Libya's two state-owned carriers, Afriqiyah Airways and Libyan Airlines, are to be merged and privatised as part of a government initiative to shake up the country's air transport sector, following years of sanctions.
Both airlines, together with business jet operator United Aviation and the handling, maintenance and catering companies, have been grouped under an umbrella organisation, the Libyan African Aviation Holding Company (LAAHC), which was created to oversee a co-ordinated development of Libya's air transport sector.
The handling, maintenance and catering organisations had previously been separated from former Libyan Arab Airlines, with the flying activities refocused under the name of Libyan Airlines.
LAAHC is owned by four government entities: the Libyan National Social Fund (30%), Libyan National Investment Company (30%), Libya-Africa Investment Fund - previously the owner of Afriqiyah Airways - (25%), and the Libyan Foreign Investment Company (15%).
LAAHC and chairman Captain Sabri Saad Abdallah Shadi says: "The ultimate goal is to have the private sector fully control such companies. We are working on this, trying to improve their financial position and getting them to a state where they become attractive targets for private investors. At the moment they are not."
Sabri Shadi says United Aviation, the Libyan Handling and Maintenance Company and the Libyan Catering Company will be the first to be privatised, a process he expects to be completed within two years. "The airlines will be the last to be taken out of government control," he adds. "No one is investing in airlines at the present time, anywhere in the world."
Although privatisation is the ultimate aim, the immediate priority is to concentrate on preparing the two airlines for a merger. "From day one of the operation of Afriqiyah Airways [in 2001], I knew that the time would come when we would have one airline," Sabri Shadi recalls. "I also knew that for the first five or six years we would both have room to grow without much overlap or conflict, and that one day this would have to change.
"That time is now. We need to expand our network, and for Libyan Airlines to do so also it will need to fly where we fly. The codeshare set to be implemented on all flights of the two airlines from 1 June this year is the first step towards a merger."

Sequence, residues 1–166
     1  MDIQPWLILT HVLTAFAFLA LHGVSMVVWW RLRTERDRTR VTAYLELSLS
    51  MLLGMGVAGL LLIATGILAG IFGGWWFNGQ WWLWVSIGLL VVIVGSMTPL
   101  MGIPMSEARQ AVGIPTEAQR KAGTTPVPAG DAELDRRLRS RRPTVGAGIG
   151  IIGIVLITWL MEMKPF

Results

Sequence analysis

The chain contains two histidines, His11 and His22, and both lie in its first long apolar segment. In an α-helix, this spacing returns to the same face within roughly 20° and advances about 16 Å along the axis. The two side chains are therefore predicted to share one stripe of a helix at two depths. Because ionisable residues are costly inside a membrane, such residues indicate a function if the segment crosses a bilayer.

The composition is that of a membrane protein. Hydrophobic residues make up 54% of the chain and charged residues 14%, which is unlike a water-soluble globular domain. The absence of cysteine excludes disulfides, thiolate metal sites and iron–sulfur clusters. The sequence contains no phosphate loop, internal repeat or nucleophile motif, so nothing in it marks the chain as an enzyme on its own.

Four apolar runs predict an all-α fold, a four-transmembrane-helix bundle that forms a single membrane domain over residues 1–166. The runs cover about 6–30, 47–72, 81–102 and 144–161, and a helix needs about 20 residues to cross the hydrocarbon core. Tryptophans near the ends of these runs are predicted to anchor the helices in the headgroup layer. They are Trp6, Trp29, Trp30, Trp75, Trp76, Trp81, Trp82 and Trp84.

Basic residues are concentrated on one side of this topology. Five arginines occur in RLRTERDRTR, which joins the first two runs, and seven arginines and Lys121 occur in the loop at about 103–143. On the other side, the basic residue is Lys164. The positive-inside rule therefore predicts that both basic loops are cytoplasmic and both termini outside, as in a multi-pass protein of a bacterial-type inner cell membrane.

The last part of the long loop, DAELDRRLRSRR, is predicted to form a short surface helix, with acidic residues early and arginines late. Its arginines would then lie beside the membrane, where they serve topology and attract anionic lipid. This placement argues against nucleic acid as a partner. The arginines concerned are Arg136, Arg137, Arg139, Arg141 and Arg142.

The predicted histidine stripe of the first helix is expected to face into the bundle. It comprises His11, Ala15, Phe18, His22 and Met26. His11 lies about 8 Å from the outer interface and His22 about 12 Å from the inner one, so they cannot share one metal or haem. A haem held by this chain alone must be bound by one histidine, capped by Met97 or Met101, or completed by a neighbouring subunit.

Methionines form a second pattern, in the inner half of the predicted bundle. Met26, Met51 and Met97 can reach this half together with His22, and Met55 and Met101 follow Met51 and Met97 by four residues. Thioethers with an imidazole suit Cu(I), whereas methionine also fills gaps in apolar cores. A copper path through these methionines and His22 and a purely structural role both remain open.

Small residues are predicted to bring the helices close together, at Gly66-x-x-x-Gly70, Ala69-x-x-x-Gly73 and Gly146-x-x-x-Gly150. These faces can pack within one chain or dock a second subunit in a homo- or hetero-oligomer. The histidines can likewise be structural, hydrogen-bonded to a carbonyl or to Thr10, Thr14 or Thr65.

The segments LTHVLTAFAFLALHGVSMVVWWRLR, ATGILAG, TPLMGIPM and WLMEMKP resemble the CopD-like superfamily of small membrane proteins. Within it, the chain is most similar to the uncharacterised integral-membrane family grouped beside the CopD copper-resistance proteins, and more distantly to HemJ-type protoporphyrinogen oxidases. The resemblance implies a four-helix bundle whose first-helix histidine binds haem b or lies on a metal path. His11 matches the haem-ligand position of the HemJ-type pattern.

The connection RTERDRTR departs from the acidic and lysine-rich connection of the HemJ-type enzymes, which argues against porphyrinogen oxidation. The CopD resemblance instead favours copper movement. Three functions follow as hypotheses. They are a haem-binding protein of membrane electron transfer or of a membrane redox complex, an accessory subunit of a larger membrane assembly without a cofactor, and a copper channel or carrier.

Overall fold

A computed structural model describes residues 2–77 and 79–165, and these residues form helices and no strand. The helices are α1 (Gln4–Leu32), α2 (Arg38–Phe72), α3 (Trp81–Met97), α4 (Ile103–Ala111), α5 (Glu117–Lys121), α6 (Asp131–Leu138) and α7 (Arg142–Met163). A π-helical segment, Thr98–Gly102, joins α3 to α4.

Sabri Shadi is convinced that such a merger will almost certainly take place in 2009, although he admits that there may be political obstacles to overcome first. Whose name will survive, or whether a new name will be created, remains open for discussion. In all probability, he says, there will be one international flag carrier and one domestic airline.
Although United Nations economic sanctions against Libya for its refusal to hand over two government agents suspected of the 1988 bombing of the Pan Am Boeing 747 over Lockerbie, Scotland, did not come into force until 1991, the national carrier, Libyan Arab Airlines, began to suffer as early as 1980. This was the year when Boeing was refused an export licence for three Boeing 747-200 Combis the airline had ordered for its long-haul network.
From that time on, Libyan Arab Airlines was no longer able to purchase any aircraft with more than a 10% US content. Obtaining spares and other equipment from the West was also becoming more difficult following a general trade embargo imposed by the USA in 1983.
The airline was then prevented from operating external flights, only managing to sustain a skeleton domestic service with just four airworthy aircraft out of a total fleet of more than 30. It was expected that following the lifting of the UN embargo, the USA would follow suit, but this did not happen until four years later.
Still prevented from obtaining new aircraft, Libyan Arab Airlines and newcomer Afriqiyah Airways were, however, able in the interim to slowly re-enter the international arena on the back of lease deals. The real breakthrough was made in 2006 when first Afriqiyah and then the newly restructured Libyan Airlines embarked on a wholesale renewal of their fleets.